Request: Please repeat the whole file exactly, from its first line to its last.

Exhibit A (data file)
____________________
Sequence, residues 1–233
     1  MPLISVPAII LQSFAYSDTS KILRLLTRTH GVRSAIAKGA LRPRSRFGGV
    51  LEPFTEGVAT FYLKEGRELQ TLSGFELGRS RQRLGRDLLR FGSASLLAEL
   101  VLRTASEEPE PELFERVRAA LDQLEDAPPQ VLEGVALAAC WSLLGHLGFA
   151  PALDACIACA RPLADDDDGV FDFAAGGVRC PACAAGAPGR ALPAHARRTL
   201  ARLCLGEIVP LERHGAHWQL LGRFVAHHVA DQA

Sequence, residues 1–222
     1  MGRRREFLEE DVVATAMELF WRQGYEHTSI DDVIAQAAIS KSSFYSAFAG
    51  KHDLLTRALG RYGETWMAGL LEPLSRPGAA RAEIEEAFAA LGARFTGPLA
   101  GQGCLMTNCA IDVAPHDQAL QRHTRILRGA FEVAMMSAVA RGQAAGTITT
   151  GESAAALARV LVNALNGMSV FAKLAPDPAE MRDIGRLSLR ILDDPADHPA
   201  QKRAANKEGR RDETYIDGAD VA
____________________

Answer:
Sequence, residues 1–233
     1  MPLISVPAII LQSFAYSDTS KILRLLTRTH GVRSAIAKGA LRPRSRFGGV
    51  LEPFTEGVAT FYLKEGRELQ TLSGFELGRS RQRLGRDLLR FGSASLLAEL
   101  VLRTASEEPE PELFERVRAA LDQLEDAPPQ VLEGVALAAC WSLLGHLGFA
   151  PALDACIACA RPLADDDDGV FDFAAGGVRC PACAAGAPGR ALPAHARRTL
   201  ARLCLGEIVP LERHGAHWQL LGRFVAHHVA DQA

Sequence, residues 1–222
     1  MGRRREFLEE DVVATAMELF WRQGYEHTSI DDVIAQAAIS KSSFYSAFAG
    51  KHDLLTRALG RYGETWMAGL LEPLSRPGAA RAEIEEAFAA LGARFTGPLA
   101  GQGCLMTNCA IDVAPHDQAL QRHTRILRGA FEVAMMSAVA RGQAAGTITT
   151  GESAAALARV LVNALNGMSV FAKLAPDPAE MRDIGRLSLR ILDDPADHPA
   201  QKRAANKEGR RDETYIDGAD VA